Giovanni Antonio Pellegrini (1675 – 1741)
Venetian history painters Giovanni Antonio Pellegrini was born in Venice. Pellegrini was a pupil of the Milanese painter Paolo Pagani. He travelled with his master to Moravia and Vienna in 1690 and was back in Venice in 1696 where he painted his first surviving works. The work of fellow Venetian Sebastiano Ricci had an important influence on his work. He was in Rome from 1699 to 1701.
Pellegrini visited England from 1708 to 1713 at the invitation of the Earl of Manchester. Here he achieved considerable success. In London he worked at 31 St James’s Square for the Duke of Portland, where George Vertue noted in his notebooks “the hall and Staircase and one or two of the great rooms”. He became a director of Sir Godfrey Kneller’s Academy in London in 1711. He submitted designs for decorating the interior dome of the new St Paul’s Cathedral.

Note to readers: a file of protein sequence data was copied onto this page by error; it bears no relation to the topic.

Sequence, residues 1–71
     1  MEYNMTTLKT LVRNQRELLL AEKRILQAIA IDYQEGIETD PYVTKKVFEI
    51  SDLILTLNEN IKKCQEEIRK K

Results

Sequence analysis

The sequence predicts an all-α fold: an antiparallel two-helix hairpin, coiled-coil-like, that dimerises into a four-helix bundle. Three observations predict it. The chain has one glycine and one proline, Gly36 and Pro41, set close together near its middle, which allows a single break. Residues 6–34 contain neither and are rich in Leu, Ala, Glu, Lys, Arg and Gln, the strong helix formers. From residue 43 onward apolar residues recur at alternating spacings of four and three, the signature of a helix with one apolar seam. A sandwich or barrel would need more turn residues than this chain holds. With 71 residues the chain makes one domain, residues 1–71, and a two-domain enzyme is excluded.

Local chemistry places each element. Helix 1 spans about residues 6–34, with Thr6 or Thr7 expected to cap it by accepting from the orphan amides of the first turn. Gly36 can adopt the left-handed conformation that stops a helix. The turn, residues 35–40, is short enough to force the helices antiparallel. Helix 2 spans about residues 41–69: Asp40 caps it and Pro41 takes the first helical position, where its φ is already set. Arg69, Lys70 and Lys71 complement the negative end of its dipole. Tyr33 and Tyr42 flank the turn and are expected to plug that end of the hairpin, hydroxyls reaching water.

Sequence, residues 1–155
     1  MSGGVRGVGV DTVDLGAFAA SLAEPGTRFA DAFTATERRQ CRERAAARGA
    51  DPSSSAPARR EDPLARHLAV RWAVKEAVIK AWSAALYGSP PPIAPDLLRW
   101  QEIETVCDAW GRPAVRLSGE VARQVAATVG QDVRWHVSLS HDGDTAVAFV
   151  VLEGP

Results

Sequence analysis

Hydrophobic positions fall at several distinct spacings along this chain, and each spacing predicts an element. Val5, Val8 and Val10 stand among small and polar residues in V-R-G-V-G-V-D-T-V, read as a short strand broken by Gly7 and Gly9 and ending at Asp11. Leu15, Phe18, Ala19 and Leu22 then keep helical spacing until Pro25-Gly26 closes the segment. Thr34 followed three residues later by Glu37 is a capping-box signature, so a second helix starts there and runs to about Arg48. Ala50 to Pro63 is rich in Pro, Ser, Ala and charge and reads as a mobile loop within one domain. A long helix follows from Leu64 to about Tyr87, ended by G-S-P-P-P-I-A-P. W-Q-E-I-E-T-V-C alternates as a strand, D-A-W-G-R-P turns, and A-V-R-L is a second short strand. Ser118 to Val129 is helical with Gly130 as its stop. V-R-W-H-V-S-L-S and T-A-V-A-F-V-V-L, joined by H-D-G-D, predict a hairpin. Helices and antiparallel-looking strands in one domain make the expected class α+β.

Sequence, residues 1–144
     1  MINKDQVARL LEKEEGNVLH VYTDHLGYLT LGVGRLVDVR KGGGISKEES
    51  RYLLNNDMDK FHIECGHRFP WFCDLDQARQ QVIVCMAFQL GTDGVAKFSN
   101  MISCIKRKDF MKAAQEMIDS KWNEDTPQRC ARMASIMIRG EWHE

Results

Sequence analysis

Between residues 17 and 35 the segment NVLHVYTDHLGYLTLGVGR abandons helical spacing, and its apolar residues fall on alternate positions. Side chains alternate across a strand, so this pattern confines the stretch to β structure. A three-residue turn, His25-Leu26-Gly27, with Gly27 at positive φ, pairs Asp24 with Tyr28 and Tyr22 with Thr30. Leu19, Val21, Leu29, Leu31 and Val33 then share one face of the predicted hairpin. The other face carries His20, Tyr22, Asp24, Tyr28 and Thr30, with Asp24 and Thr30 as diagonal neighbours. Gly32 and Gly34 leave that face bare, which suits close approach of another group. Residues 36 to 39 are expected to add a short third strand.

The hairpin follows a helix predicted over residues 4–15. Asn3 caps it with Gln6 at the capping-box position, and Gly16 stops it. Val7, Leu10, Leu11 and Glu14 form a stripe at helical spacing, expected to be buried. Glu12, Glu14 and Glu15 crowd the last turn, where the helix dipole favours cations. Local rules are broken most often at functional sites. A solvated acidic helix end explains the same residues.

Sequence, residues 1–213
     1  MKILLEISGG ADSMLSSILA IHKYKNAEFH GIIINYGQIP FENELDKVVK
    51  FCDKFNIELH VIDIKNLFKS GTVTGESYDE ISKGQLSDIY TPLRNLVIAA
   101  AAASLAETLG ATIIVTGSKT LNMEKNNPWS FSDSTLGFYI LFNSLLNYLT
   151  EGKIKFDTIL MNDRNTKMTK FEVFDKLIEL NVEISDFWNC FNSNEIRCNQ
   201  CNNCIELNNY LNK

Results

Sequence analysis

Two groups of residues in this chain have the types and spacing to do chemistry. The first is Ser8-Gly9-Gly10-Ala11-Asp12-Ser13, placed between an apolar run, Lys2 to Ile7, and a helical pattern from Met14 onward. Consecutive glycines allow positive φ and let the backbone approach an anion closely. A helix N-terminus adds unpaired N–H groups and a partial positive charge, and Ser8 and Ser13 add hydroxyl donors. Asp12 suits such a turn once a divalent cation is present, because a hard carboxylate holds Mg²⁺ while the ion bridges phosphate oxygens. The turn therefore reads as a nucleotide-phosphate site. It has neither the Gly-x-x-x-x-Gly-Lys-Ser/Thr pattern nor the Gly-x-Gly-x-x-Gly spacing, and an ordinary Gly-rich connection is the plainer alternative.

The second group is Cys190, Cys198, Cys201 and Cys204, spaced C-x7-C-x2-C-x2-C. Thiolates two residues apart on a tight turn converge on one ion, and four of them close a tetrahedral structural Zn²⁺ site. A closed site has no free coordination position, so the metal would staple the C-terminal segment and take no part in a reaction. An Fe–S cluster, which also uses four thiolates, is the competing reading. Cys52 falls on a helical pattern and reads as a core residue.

Pellegrini subsequently travelled through Germany and the Netherlands, collecting Northern paintings as he went and completing works in many European cities. In 1713 – 1714 he was in Düsseldorf, where he painted a series of allegorical scenes of the life of the elector, Johann Wilhelm. He decorated the Golden Room in the Mauritshuis in The Hague.
A List of important works of the Artist. Visit the gallery with large-size images, date, size, location and technical information.